Eating Disorders and substance abuse

Substance Abuse and Eating Disorders

What is an Eating Disorder?

An Eating Disorder (ED) as defined by NEDA is: “…extreme emotions, attitudes, and behaviors surrounding weight and food issues. Eating disorders are serious emotional and physical problems that can have life-threatening consequences.”

You probably see ‘Eating Disorder’ thrown around in the media frequently. “This model has an ED, that actor was heard purging in the bathroom on set,” etc.

Unfortunately, the phrase ‘Eating Disorder’ has become desensitized over the years directly correlated with the increasing sum of tabloid magazines.

Let us set the record straight, right now: eating disorders are serious. They are not a ‘cool new fad,’ they are not a solution to your weight problems, nor are they something to be taken lightly by any means. Eating disorders do not discriminate; regardless of your age, race, gender, sexual orientation, hobbies, or your childhood, you could suffer from an eating disorder.

ED is also very common among substance abusers. 50% of individuals with an eating disorder are also abusing drugs or alcohol according to NEDA.

Commonality Between Substance Abuse & ED

Substance abuse and eating disorders are common co-occurring disorders. As mentioned above, 50% of individuals with an eating disorder are also abusing drugs or alcohol according to the National Eating Disorder Association. This commonality between substance abuse and eating disorders originates from the fundamental similarity between the two diseases.

The 3 primary similarities are as follows:

  • Common Risk Factors: ED and substance abuse stem from similar risk factors such as family history, an imbalance in brain chemistry, or stress
  • Stress: both substance abuse and eating disorders seem to appear or intensify during stressful periods of time in the individual’s life
  • Compulsive Behaviors

Luckily, substance abuse and ED benefit from the same level and approach of treatment.

What do we mean by that?

Both substance abuse and ED can be treated by the use of a holistic approach of mind, body, and spirit. Dialectical Behavioral Therapy (DBT), psychotherapy, family therapy, group therapy, and holistic therapy (yoga, acupuncture, wilderness therapy, and more) are all common treatment methods.

To learn more about our dual diagnosis treatment program at New Method Wellness, you can call 866-951-1824 or you can visit our website at

Types of Eating Disorders

Eating disorders come in all shapes and sizes, as do the individuals who suffer from ED.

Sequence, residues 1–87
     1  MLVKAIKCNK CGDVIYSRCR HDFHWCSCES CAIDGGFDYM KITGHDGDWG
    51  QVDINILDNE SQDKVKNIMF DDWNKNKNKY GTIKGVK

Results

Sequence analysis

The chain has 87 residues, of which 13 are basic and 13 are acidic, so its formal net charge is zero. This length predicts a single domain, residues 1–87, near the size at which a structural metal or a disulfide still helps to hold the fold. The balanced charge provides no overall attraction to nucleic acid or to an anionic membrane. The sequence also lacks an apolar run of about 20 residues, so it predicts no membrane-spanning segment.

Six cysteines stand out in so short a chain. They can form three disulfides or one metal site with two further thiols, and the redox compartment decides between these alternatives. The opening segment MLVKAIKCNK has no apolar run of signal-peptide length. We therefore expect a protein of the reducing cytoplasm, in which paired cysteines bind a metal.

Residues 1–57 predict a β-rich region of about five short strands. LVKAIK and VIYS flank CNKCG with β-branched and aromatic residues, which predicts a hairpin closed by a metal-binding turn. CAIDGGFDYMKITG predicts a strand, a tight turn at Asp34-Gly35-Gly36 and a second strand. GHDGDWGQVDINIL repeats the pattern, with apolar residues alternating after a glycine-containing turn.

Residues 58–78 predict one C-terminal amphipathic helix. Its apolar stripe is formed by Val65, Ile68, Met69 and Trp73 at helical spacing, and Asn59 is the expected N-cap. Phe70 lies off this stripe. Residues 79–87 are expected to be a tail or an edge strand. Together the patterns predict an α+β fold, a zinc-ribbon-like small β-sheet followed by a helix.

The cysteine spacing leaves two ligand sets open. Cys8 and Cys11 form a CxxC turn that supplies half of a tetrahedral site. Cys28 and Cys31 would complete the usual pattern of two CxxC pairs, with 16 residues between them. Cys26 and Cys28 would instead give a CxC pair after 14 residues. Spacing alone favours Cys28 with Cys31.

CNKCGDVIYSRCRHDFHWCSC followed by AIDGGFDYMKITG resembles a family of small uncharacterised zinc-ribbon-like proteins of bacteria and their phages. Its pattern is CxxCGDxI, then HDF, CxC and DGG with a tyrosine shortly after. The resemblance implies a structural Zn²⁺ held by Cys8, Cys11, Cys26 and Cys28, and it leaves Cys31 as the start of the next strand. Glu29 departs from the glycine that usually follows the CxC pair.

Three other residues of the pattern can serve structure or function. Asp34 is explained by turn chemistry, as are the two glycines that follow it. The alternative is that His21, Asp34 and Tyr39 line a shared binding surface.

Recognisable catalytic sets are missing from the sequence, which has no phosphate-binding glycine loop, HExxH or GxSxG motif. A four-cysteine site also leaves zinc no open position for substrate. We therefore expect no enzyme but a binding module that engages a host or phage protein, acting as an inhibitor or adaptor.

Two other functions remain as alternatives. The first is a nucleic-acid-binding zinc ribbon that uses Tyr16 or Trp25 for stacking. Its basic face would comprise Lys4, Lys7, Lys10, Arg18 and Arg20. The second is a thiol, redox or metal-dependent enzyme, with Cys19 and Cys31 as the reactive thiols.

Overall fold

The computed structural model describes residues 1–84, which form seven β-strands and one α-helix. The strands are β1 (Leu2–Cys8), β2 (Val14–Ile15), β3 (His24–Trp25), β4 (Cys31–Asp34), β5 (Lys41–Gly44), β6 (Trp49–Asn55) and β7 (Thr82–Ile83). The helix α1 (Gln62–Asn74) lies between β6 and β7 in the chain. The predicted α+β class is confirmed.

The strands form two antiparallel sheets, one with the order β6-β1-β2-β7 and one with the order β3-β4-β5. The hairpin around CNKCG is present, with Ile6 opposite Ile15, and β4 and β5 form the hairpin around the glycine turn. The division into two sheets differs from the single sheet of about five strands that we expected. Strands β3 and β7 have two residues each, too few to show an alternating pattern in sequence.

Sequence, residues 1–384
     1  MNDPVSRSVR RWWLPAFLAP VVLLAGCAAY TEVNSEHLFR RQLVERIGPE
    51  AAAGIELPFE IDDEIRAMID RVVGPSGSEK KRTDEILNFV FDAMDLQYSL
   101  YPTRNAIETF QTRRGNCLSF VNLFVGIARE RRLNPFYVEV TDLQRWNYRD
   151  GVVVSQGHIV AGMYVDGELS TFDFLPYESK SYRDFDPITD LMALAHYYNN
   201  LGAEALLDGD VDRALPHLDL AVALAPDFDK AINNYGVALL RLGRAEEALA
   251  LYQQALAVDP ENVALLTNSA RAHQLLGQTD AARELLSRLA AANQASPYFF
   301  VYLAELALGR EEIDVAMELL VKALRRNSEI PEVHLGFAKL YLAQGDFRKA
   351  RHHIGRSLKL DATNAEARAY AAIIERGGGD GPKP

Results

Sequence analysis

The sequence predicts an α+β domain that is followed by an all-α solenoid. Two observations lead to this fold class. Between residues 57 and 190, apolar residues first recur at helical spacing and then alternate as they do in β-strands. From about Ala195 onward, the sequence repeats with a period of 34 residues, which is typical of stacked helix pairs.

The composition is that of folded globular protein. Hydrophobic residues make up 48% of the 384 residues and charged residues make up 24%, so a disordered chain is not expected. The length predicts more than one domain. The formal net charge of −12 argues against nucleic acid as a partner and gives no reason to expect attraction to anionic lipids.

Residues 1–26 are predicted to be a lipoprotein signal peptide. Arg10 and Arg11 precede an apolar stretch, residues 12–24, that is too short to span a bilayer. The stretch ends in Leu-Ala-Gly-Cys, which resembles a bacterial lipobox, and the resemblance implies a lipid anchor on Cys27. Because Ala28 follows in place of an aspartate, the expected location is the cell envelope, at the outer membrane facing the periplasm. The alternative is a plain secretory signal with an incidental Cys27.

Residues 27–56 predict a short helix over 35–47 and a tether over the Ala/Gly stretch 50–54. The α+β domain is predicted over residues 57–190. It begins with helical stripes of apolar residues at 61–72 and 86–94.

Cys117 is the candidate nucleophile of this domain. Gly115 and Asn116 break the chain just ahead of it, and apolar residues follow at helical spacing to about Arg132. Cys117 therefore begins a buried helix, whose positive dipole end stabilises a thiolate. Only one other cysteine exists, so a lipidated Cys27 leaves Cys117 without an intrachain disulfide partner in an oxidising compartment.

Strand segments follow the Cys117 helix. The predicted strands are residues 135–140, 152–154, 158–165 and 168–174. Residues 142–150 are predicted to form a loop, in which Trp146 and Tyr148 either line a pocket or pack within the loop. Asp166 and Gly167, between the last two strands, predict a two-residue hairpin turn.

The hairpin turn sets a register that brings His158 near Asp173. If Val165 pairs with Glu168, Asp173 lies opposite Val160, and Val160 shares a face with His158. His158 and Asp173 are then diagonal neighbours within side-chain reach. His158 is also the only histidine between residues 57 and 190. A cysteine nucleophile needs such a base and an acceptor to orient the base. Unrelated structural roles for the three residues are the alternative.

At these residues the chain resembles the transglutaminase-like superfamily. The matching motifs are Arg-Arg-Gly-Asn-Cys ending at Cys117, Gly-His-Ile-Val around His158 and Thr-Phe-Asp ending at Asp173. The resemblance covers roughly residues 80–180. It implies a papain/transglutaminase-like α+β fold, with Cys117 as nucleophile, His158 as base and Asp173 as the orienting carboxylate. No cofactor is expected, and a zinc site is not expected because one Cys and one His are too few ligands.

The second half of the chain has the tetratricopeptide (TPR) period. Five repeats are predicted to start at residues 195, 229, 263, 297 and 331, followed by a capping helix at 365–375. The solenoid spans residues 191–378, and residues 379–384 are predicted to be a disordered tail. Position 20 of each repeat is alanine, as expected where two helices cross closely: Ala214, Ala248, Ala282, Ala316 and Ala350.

The most common types of Eating Disorders are as follows:

  • Anorexia Nervosa: Anorexia Nervosa, or most commonly referred to as ‘anorexia’ is an ED that is often characterized by low body weight, an obsession with calories and food consumption, and ‘body dysmorphia’ (an obsession with a perceived flaw in one’s body).
  • Bulimia Nervosa: Bulimia Nervosa, or most commonly referred to as ‘bulimia’ is an ED that is characterized by a binge (high caloric meal) and followed by a purge (vomiting, excessive exercise, or the use of a laxative or a stimulant).
  • Binge Eating Disorder: Binge Eating Disorder is characterized by a binge (high caloric meal) often paired with sentiments of ‘lack of control’ followed by intense and overwhelming feelings of remorse and self-hatred.

Each type of ED comes with its own difficulties and health concerns. Neither type of ED is worse than the others; they all deserve equal attention.

Do I Have an Eating Disorder?

If you’ve gotten this far in our blog, you may be asking yourself: “Do I have an ED?” Or, you may be worried that your loved one is suffering from an ED.

You can take an assessment on the NEDA website by clicking the button below.

Signs of an Eating Disorder

There are common signs of each type of ED, which are not the ultimate determining factor of an eating disorder, but, they are a great starting point.

Signs of Anorexia Nervosa
  • Restricting nutritional intake in order to maintain a weight below average limit for age and height
  • Practicing eating rituals (cutting up food into small pieces, only eating certain foods)
  • Purging: vomiting, compulsive exercising, laxatives, stimulants
  • Obsession with weight and size; weighing oneself multiple times per day
Physical Symptoms of Anorexia Nervosa
  • Extreme thinness
  • Excessive body hair
  • Thin/brittle hair
  • Loss of menstrual periods for women
  • dizziness, fatigue, fainting
  • Low blood pressure
  • Dehydration
Signs of Bulimia Nervosa
  • Consume large amounts of calories at a single sitting
  • Force oneself to vomit, exercise fanatically, or use laxatives or stimulants
  • Obsession with weight
  • Typically average weight or overweight
  • Secretive about purging habits
Physical Symptoms of Bulimia Nervosa
  • Sores in mouth
  • Discoloration under eyes
  • Dry skin
  • Thin hair
  • Fatigue
  • Scars on knuckles
  • Swollen salivary glands
Tools for Your ED

If you have determined that you or your loved one are suffering from an eating disorder, there are plenty of great tools out there for you to keep in your back pocket.

We have included a bunch of different mediums, choose whichever one makes you the most comfortable.

Informative Websites
  • OA
  • Get Well Together

Remember, you are a fighter. Asking for help is one of the most courageous things you can do.

It’s Time For A New Method


  • Contacting for:
  • This field is for validation purposes and should be left unchanged.

+1 (866) 951-1824